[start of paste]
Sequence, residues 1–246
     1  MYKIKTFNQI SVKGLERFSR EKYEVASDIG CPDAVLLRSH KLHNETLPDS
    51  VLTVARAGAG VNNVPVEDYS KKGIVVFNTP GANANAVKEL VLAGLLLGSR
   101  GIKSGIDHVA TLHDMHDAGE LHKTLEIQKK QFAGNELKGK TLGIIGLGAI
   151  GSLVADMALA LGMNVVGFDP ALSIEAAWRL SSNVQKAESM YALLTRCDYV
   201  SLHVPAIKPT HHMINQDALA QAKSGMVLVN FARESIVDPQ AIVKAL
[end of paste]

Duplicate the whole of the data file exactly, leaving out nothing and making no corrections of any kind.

Sequence, residues 1–246
     1  MYKIKTFNQI SVKGLERFSR EKYEVASDIG CPDAVLLRSH KLHNETLPDS
    51  VLTVARAGAG VNNVPVEDYS KKGIVVFNTP GANANAVKEL VLAGLLLGSR
   101  GIKSGIDHVA TLHDMHDAGE LHKTLEIQKK QFAGNELKGK TLGIIGLGAI
   151  GSLVADMALA LGMNVVGFDP ALSIEAAWRL SSNVQKAESM YALLTRCDYV
   201  SLHVPAIKPT HHMINQDALA QAKSGMVLVN FARESIVDPQ AIVKAL